Tuition and Fees Recommendation

To:        University of Oregon Community
From:   Michael H. Schill, President
Re:        Recommendations of the Tuition and Fee Advisory Board
Date:    February 9, 2016

Pursuant to university policy, I have received the recommendations of the Tuition and Fee Advisory Board (TFAB).  Among the recommendations is an increase of $9 per credit hour—or $405 per year—for in-state undergraduate students. Out-of-state students would see an increase of $30 per credit hour—or $1,350 per year. This equates to a 4.76 percent increase for in-state students and a 4.46 percent increase for out-of-state students. It is my current intention to ask the Board of Trustees to adopt TFAB’s proposal at its next regularly scheduled meeting on March 3–4. Pursuant to university policy, I am posting the TFAB recommendations together with this memorandum for public comment. 

As I have said several times over the past seven months, the number one priority for our university is to achieve excellence in teaching and research, and I believe that this tuition plan, as part of our overall strategic budget, is necessary to enable us to achieve those goals. To achieve excellence, we must invest in faculty hiring, research infrastructure, and student access. We also must address significant cost drivers including increased labor and medical costs, and IT infrastructure improvements. Due to public divestment in higher education, tuition is the university’s primary funding source. The UO receives just seven percent of its budget from the state of Oregon.

Note that I say this tuition plan is necessary, but it is not sufficient. As I have stated in several forums, we will need to utilize all of the resources we can muster to achieve excellence, including those obtained through increased advocacy for state funding, philanthropy, and resource realignment.

When paired with our internal effort to realign budgets with strategic priorities and cuts to administration, tuition dollars will help fuel the UO’s pursuit of excellence in the classroom, the research lab, and in the experience our students have every day on this campus. I do not contemplate making this recommendation lightly, but we owe it to the students of this university and the state of Oregon to do what is necessary to maintain and grow the academic and research stature of this school.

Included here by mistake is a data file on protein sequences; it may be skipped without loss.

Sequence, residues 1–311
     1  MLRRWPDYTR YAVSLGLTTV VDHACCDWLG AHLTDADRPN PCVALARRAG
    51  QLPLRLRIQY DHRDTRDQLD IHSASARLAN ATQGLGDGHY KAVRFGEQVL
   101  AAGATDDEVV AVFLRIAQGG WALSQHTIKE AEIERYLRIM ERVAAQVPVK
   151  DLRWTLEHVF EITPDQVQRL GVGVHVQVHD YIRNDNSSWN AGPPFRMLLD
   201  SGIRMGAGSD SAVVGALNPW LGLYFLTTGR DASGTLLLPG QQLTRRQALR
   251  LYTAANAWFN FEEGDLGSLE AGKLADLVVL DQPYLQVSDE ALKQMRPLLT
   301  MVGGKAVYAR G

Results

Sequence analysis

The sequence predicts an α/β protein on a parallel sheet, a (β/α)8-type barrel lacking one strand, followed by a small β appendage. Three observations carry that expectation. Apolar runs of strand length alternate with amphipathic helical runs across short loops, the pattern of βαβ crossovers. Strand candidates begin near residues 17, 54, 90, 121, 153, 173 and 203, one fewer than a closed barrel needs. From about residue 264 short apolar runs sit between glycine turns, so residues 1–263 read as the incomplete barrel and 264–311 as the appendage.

Affordability and accessibility are also objectives of our university and vital to achieving our public mission. Our tuition rate for resident undergraduates remains below that of peer research institutions that receive much higher state funding per capita. It is also below the ten-year average increase that we have experienced. I believe that the UO remains a remarkable value for students and families.

I am committed to doing everything in my power to cushion the impact of this increase on our most economically vulnerable students. We are expanding the PathwayOregon program, which provides full tuition and fees to nearly 2,000 Pell-eligible resident students. We will also expand our financial assistance by $1.4 million. We will continue the graduation assistance award program that we began this year. Perhaps most importantly, through the Oregon Commitment, we will work to make sure that every student at the university graduates in a timely fashion. That alone will save UO students tens of thousands of dollars that they currently incur in extra tuition and fees.

If you would like to comment on the proposal prior to my making a final recommendation to the Board of Trustees, please provide input using this form by 5:00 p.m. on Friday, February 19, 2016. Thank you.